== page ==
Drug therapy trial likely

Andrew Clarkson.
Andrew Clarkson.
A Dunedin researcher hopes to be undertaking clinical trials to help stroke victims within the next two years.

University of Otago researcher Dr Andrew Clarkson said he had been working on drug therapies to help ''reawaken'' the brain and balance chemicals which would assist in recovery for stroke victims.

Last night he spoke at the Queenstown Events Centre, supported by Dunedin's Brain Health Research Centre.

Dr Clarkson told the Otago Daily Times he began his research in 2008, looking at how the chemistry in the brain changes after a stroke and how it can be rebalanced.

A stroke caused a loss of cells in the brain, while the tissue surrounding the affected area was effectively put to sleep.

''It's like a pendulum or a set of scales ... Often you have too much of one [chemical after a stroke] and the brain becomes silent because it's just been put to sleep.

''We're trying to reawaken it.''

His trial aims to stimulate the tissue, which would give the victim back some control and movement and hopefully stimulate the growth of new cells.

''I don't think you'd ever get 100% back - if you had a mild stroke it is possible; if you had a larger stroke ... if you could give back 60% that would be great.''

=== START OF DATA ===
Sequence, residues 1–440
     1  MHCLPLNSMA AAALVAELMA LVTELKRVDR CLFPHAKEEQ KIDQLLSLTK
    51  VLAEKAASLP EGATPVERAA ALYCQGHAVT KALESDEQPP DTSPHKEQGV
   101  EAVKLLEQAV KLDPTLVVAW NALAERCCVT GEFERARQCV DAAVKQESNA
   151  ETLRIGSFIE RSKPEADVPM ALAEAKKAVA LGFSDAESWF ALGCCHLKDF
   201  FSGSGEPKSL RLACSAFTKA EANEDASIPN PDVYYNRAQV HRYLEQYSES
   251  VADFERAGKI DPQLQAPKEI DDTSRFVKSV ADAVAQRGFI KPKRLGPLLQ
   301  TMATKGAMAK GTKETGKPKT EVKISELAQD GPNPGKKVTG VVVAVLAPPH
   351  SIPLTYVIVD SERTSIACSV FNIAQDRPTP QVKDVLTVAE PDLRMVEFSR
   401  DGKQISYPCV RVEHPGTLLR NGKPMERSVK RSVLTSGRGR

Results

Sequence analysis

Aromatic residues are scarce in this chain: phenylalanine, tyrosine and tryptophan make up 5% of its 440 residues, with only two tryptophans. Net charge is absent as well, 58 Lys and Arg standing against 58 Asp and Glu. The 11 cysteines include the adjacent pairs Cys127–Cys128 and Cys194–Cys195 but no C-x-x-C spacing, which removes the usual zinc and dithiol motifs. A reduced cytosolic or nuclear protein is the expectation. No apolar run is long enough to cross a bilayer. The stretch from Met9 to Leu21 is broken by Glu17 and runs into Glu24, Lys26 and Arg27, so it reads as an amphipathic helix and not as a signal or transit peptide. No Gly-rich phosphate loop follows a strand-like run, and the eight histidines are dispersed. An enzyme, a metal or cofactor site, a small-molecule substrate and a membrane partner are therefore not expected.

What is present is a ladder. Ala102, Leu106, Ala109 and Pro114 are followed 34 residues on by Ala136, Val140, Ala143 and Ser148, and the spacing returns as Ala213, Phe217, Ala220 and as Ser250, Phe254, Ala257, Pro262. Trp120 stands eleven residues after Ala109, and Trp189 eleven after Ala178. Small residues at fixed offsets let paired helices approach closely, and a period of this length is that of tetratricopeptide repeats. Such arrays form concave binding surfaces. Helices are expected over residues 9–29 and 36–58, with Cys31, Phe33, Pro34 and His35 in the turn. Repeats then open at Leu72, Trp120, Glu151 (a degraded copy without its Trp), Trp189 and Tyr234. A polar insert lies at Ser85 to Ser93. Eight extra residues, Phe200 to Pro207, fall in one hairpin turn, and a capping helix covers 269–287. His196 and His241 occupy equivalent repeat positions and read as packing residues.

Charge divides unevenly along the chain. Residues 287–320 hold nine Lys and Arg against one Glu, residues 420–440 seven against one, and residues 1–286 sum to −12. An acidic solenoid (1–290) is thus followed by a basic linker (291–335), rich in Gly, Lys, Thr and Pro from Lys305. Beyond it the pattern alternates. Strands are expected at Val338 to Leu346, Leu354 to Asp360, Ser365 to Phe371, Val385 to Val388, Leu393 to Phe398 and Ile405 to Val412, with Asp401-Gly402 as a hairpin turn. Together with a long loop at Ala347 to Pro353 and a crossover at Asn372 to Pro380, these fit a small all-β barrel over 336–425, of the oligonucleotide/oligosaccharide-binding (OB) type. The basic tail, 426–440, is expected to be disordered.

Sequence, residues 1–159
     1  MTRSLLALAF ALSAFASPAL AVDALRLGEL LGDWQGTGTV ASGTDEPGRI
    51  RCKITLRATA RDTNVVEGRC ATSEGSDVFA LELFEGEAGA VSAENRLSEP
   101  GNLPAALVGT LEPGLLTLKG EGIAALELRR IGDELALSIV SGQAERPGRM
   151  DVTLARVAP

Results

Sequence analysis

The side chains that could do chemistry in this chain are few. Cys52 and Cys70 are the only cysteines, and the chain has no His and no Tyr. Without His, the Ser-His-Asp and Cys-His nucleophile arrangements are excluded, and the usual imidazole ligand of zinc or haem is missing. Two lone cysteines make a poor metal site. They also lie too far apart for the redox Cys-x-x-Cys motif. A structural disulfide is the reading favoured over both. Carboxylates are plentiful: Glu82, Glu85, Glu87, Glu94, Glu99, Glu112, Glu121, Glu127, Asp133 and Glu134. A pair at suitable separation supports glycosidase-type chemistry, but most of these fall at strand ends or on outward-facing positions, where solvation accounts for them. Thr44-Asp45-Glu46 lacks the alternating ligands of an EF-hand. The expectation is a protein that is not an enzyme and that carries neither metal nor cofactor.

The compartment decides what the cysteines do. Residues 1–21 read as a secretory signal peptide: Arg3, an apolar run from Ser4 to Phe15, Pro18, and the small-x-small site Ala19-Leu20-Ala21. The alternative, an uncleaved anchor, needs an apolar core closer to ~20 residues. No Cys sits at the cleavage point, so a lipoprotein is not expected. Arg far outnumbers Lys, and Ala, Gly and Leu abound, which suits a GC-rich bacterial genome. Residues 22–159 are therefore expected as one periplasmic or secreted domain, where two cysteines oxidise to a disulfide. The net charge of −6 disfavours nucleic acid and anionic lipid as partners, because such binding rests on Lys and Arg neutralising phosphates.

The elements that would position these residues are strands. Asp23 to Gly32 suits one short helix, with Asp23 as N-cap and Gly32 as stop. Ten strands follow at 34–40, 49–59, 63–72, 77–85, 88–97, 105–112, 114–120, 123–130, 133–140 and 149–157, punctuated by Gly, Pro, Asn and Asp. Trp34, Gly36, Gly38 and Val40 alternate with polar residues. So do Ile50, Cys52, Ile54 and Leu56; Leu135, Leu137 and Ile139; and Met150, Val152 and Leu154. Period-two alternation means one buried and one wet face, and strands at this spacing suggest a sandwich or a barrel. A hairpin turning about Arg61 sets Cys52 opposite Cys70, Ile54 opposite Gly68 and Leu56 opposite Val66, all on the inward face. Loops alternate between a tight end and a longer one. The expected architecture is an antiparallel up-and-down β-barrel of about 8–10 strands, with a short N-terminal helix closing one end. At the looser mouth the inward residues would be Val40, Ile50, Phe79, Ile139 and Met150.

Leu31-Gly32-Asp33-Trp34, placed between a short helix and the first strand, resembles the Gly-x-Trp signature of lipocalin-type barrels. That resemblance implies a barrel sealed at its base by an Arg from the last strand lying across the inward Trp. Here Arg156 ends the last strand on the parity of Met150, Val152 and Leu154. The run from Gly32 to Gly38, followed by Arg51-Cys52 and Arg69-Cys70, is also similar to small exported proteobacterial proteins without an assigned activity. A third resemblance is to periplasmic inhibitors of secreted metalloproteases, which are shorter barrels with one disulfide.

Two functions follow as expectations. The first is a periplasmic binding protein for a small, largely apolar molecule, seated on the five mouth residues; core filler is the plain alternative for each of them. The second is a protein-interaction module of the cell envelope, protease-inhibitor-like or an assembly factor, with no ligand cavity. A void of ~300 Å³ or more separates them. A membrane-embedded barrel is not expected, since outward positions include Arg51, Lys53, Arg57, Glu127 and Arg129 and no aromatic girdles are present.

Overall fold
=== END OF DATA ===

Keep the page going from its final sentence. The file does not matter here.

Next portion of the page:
Since 2008, his research had focused on one drug and to date the studies ''look promising''.

''I'm working on a report at the moment and once that's done we'll start talking to the clinical team ... but the process is slow.

''It will be worth it in the long run.''

Earlier this year, Danish funding authorities gave Dr Clarkson's research a significant boost, with two grants totalling $1 million for two Danish researchers to investigate further drug development.

 


Strokes

• About 2500 people die each year in New Zealand from strokes. About 10% of those are people aged 65 and younger.

• Every week 24 people in New Zealand have a stroke, including one person in Auckland aged between 20 and 30.

• High blood pressure is the major cause of strokes.

• Preventive measures include daily exercise, a well-balance diet, limiting alcohol, avoiding smoking and ensuring blood pressure is in a healthy range.- Stroke Foundation of New Zealand/Dr Andrew Clarkson